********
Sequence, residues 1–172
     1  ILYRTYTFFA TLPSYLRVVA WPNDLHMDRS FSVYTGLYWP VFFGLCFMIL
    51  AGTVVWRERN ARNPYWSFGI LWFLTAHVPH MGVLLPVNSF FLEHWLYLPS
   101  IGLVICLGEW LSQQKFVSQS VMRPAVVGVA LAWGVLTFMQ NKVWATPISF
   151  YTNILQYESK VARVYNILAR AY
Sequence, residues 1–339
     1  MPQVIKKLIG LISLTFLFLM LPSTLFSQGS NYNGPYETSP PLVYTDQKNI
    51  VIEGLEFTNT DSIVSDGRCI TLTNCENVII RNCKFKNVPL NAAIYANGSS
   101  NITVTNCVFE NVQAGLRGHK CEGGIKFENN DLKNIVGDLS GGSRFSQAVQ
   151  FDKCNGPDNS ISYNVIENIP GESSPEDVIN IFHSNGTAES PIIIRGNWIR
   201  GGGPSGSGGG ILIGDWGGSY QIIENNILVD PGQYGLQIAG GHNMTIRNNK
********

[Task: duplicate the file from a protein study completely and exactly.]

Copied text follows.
Sequence, residues 1–172
     1  ILYRTYTFFA TLPSYLRVVA WPNDLHMDRS FSVYTGLYWP VFFGLCFMIL
    51  AGTVVWRERN ARNPYWSFGI LWFLTAHVPH MGVLLPVNSF FLEHWLYLPS
   101  IGLVICLGEW LSQQKFVSQS VMRPAVVGVA LAWGVLTFMQ NKVWATPISF
   151  YTNILQYESK VARVYNILAR AY
Sequence, residues 1–339
     1  MPQVIKKLIG LISLTFLFLM LPSTLFSQGS NYNGPYETSP PLVYTDQKNI
    51  VIEGLEFTNT DSIVSDGRCI TLTNCENVII RNCKFKNVPL NAAIYANGSS
   101  NITVTNCVFE NVQAGLRGHK CEGGIKFENN DLKNIVGDLS GGSRFSQAVQ
   151  FDKCNGPDNS ISYNVIENIP GESSPEDVIN IFHSNGTAES PIIIRGNWIR
   201  GGGPSGSGGG ILIGDWGGSY QIIENNILVD PGQYGLQIAG GHNMTIRNNK